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May 2, 2017 1:00 PM

Senate committee endorses amendment allowing local police to distribute accident reports

CONCORD — Insurance workers, law enforcement officers and local attorney's joined together Tuesday in support of an amendment that would allow local police departments to distribute accident reports.

The Senate Judiciary Committee listened to testimonies during a hearing Tuesday morning and voted 5-0 to endorse an amendment to the Driver Privacy Act. The amendment would make it clear that local chiefs can disseminate accident reports to include "name, age and town of residence of persons involved in accidents" and any other information allowed under the Right-to-Know Law.

This state law was meant to comply with the federal Driver's Privacy Protection Act (DPPA) that in 1994 spelled out what state motor vehicle departments could disclose on information contained in their records.

This controversy arose from an April 6 meeting at the Department of Safety during which the discussion focused primarily on the dissemination of vehicle accident reports.

At that session, the police chief's lobby said they were told they could no longer give out traffic accident reports and warned that if they continued the practice they would be charged with a misdemeanor. And if a local department sells an accident report to an insurance company for the traditional $25 to $50 fee, they could face a felony charge.

In the hearing Tuesday, several people spoke in support of the amendment, presented by Sen. David Watters, D-Dover, arguing that it creates several hurdles for those in the insurance business, the legal process that follows an accident and the officers who handle it.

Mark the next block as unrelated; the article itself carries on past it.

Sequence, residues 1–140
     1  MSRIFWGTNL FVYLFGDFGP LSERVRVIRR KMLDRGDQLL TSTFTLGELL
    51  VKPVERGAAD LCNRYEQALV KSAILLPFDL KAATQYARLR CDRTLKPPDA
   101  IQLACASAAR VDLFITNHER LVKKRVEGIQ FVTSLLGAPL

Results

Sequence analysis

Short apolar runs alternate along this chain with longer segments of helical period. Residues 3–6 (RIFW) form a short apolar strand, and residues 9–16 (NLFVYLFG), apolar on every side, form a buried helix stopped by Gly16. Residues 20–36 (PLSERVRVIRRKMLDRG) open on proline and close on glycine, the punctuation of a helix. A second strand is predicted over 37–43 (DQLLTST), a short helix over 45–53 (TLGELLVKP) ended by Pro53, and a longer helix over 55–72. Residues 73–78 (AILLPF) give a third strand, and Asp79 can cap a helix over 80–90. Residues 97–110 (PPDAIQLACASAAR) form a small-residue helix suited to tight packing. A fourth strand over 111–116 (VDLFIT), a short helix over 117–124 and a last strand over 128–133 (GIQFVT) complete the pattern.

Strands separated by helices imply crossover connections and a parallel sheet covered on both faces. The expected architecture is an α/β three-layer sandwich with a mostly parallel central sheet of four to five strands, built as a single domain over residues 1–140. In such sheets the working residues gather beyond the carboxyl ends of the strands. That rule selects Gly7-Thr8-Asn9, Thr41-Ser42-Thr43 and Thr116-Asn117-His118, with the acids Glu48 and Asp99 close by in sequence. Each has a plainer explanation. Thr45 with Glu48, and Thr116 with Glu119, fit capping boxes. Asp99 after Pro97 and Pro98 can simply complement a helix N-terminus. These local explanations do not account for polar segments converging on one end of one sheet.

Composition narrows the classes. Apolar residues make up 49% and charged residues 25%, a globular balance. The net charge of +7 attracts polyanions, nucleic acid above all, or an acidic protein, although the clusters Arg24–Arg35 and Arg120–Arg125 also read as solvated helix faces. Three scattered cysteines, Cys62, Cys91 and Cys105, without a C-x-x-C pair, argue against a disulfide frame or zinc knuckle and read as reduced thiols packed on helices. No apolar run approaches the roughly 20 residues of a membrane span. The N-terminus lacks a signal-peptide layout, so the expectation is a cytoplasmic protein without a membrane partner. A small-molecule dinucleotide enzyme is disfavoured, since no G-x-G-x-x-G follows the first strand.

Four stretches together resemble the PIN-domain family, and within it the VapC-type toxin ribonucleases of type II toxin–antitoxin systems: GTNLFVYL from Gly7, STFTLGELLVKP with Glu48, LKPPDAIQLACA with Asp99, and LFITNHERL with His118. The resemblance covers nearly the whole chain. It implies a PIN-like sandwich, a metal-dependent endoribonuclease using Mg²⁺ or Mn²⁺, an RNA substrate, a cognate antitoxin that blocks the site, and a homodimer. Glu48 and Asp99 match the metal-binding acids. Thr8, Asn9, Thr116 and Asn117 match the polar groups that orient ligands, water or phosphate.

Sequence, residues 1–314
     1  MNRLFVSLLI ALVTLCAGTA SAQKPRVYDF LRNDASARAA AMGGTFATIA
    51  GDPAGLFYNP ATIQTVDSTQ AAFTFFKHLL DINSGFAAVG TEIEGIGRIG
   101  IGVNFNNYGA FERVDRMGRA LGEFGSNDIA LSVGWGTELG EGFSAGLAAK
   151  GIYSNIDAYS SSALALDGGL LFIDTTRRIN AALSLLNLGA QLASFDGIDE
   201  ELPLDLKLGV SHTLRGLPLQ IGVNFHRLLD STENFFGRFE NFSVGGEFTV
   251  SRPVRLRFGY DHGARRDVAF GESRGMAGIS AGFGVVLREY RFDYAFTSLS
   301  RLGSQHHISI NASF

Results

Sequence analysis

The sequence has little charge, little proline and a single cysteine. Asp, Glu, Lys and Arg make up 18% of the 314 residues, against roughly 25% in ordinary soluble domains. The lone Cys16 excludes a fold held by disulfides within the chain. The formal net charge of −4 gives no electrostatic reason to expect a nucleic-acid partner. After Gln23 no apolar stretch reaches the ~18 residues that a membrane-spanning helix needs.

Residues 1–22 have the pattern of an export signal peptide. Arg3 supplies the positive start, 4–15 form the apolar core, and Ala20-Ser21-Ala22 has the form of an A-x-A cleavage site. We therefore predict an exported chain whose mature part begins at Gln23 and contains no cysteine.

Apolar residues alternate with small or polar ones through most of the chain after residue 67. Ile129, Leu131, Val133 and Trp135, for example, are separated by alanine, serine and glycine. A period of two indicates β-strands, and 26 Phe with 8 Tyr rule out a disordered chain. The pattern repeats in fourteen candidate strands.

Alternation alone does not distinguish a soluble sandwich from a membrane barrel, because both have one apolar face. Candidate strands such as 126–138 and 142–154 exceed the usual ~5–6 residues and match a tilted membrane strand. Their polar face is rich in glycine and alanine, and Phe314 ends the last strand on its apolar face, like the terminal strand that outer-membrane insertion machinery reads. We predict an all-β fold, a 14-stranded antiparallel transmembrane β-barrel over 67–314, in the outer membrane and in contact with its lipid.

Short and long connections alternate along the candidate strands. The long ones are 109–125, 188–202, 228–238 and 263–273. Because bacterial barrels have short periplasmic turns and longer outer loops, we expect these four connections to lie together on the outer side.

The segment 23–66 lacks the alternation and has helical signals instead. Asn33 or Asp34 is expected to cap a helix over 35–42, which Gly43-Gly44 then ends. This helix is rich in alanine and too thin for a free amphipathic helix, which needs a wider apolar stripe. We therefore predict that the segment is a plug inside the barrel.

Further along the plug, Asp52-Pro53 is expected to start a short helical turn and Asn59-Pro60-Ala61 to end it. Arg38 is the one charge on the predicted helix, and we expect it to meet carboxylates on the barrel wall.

Personal Injury and Family Law Attorney Anna Zimmerman gave an example of one client dealing with the delay on accident reports in a costly way. The gentleman was in a wreck caused by another drive, but since he was taken by ambulance to the hospital after the wreck, he was unable to obtain all the proper information.

"This is a problem for a lot of our clients," Zimmerman began. "The difficulty he encountered is that the story that's getting told by the other party to the insurance company is a little different, and he can't get the report and the insurance company can't get the report, so, we're just waiting."

Meanwhile, the car is in storage and accumulating towing expenses. A case that could be very quickly handled with the report, now proves to be a very expensive and lengthy process for Zimmerman's client, she said.

Also, report backups at the DMV could pose another hurdle.

"I've heard that the state is reportedly six months behind in processing accident reports currently and that's with the majority of accidents reports going through the police departments," local attorney Kathleen Davidson said. "So, if all of those are suddenly going through the state, I think they're going to have to hire more people to handle police reports."

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